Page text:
Michael Ochs Archives, Getty Images
Willie Nelson, 1965
The Grand Ole Opry welcomed Willie Nelson in 1965 and he released his first album on RCA Records. Nelson released Country Willie – His Own Songs, which was his third album. This one was produced by Chet Akins, who was largely responsible for Nelson signing with RCA.
Michael Ochs Archives, Getty Images
Willie Nelson, 1966
Willie Nelson started climbing the charts in 1966 when he received his first Top 25 hit. The first was “One in a Row,” which peaked at No. 19. He had a string of hits following this one and was becoming a household name.
Willie Nelson, 1967
In 1967, Willie Nelson charted an extremely successful single in “The Party’s Over.” The party wasn’t over — it was just beginning. The track stayed in the Top 25 for an amazing 16 weeks!
RacingOne, Getty Images
Willie Nelson, 1969
1969 brought another big hit for Willie Nelson, but this time it was his recording of a cover. His version of “Bring Me Sunshine” was a Top 20 hit.
Willie Nelson, 1971
Willie Nelson, 1972
Willie Nelson decided to “retire” from music in ’72 and moved to Austin, Texas. It didn’t last long though and he got right back into the music scene.
Willie Nelson, 1973
Willie Nelson gained a lot of success in 1973 when he released his album Shotgun Willie on Atlantic. This was the turning point for Nelson who turned to outlaw country and was well-received by critics.
Willie Nelson, 1974
Phases and Stages was Nelson’s 1974 album. The record tells the story of divorce from both the man and the woman’s perspective. “Bloody Mary Morning” was his biggest hit on the record. This same year, Nelson was arrested for the first time for possession of marijuana in Dallas.
Willie Nelson, 1975
In 1975 Willie Nelson switched to Columbia Records, where he released his Red Headed Stranger record. The contract he signed with Columbia left him very much in control of his music — including this well-received record. This same year he embarked on a tour with some proceeds benefiting Austin City Limits.
Willie Nelson, 1976
Willie Nelson and Waylon Jennings’ similar outlaw country style was front and center in ’76 when they released Wanted! The Outlaws with Jessi Colter and Tompall Glaser. The album did so well it was the very first platinum record in country music. This same year he also earned a No. 1 hit with “If You’ve Got the Money I’ve Got the Time.”
Michael Putland, Getty Images
Willie Nelson, 1978
1978 meant two platinum albums for Willie Nelson. He collaborated with Jennings on Waylon and Willie which had the hit “Mammas Don’t Let Your Babies Grow Up to Be Cowboys” as well as Stardust, another important Nelson record.
Michael Putland, Getty Images
Willie Nelson, 1979
Willie Nelson made his first appearance in a movie in ’79 — but it wouldn’t be his last. He played Wendell in the Sydney Pollack directed The Electric Horsemen.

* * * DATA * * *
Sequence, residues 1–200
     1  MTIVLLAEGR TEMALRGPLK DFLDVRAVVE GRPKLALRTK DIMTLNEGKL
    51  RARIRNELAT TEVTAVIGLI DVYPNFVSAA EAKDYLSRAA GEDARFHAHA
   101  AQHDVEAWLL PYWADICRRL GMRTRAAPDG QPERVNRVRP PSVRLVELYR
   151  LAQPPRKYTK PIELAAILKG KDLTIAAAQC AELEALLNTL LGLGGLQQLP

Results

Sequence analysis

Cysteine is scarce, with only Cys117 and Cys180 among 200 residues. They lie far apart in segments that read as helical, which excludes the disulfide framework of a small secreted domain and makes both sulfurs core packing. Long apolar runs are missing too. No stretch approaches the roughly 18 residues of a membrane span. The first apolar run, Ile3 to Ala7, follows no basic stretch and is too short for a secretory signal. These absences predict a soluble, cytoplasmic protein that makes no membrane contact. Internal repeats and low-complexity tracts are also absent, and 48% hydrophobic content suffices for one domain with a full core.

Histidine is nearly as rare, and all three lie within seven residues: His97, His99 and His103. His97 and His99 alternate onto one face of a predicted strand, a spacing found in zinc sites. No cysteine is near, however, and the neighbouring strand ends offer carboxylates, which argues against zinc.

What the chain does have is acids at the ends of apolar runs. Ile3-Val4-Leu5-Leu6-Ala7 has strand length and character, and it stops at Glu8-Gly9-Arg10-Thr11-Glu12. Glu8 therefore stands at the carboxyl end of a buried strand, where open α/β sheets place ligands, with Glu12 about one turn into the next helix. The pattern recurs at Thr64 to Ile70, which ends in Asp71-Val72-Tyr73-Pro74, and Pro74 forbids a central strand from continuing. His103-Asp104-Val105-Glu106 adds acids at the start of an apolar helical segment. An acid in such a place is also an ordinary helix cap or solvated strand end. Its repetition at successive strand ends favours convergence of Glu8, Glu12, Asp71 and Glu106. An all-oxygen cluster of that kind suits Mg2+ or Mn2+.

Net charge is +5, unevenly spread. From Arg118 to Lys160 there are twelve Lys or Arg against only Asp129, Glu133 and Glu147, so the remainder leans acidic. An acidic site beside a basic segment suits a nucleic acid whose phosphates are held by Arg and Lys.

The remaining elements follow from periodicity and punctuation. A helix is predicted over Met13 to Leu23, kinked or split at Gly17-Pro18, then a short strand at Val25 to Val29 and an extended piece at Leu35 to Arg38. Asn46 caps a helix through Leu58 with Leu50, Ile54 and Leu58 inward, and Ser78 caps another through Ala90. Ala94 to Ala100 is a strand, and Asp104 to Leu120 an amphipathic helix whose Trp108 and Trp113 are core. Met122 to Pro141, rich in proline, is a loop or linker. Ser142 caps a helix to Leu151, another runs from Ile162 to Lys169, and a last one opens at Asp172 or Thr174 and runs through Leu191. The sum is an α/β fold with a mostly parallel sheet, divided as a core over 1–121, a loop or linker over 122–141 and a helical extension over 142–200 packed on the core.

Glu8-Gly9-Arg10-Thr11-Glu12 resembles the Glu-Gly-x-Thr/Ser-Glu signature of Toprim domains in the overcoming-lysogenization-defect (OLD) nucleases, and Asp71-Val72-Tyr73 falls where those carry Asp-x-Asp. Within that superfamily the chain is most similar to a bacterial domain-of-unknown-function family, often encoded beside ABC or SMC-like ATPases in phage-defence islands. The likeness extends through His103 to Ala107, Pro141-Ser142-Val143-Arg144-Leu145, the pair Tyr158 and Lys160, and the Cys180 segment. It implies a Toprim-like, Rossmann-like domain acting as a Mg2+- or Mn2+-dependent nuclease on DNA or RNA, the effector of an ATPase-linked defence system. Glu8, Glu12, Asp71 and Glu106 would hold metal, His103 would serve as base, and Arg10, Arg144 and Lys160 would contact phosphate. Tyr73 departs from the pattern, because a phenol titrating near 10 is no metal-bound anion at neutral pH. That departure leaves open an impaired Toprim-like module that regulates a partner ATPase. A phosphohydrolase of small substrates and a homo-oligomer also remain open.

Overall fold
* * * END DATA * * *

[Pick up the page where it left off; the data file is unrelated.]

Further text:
Michael Putland, Getty Images
Willie Nelson, 1980
In 1980, the braided singer had the opportunity to perform on the lawn of the White House. Jimmy Carter was in office at the time and Nelson performed a duet of “Up Against the Wall Redneck Mother” with first lady Rosalyn Carter.
Willie Nelson, 1981
Somewhere Over the Rainbow was one of two albums Nelson released in 1981. The year wasn’t all rainbows for the legend, though, whose lung collapsed that same year while he was in Hawaii.
Willie Nelson 1982
1982 was a really important year for Willie Nelson! He released Always on My Mind on Capitol Records. He released the single of the same name in ’82, which was a No. 1 hit on the country charts and a Top 10 hit on the Hot 100. It’s still one of his signature songs.
Ebet Roberts, Getty Images
Willie Nelson, 1983
The year ’83 meant another collaboration with Nelson’s good pal Waylon Jennings titled Take It to the Limit. Nelson proved to be extra supportive of his friend Jennings when he cut off his signature braids and gave them to him to celebrate his sobriety.
Ebet Roberts, Getty Images
Willie Nelson, 1985
Willie Nelson released Half Nelson in 1985. The record was a compilation of duets with other artists including Merle Haggard, George Jones, Ray Charles, Hank Williams and several other big names. That same year, he helped to create Farm Aid with John Mellencamp and Neil Young — a benefit concert for family farmers.
Willie Nelson, 1986
1986 was a fun year full of success for Willie Nelson. His album Promiseland was released this year and topped the Billboard charts. His first gospel album, which was released many years prior, was certified gold this year and he starred as the lead in the film version of his album Red Headed Stranger.
Simon & Schuster
Willie Nelson, 1988
Willie: An Autobiography, Nelson’s first book was published in 1988. The autobiographical book was written by Nelson and Bud Shrake and received good critical reviews. He also divorced Connie Koepke this year.
Michael Ochs Archives, Getty Images
Willie Nelson, 1990
In 1990, Willie Nelson had a difficult year regarding the IRS. They seized a lot of his assets claiming that the singer owed roughly $32 million.
Willie Nelson, 1991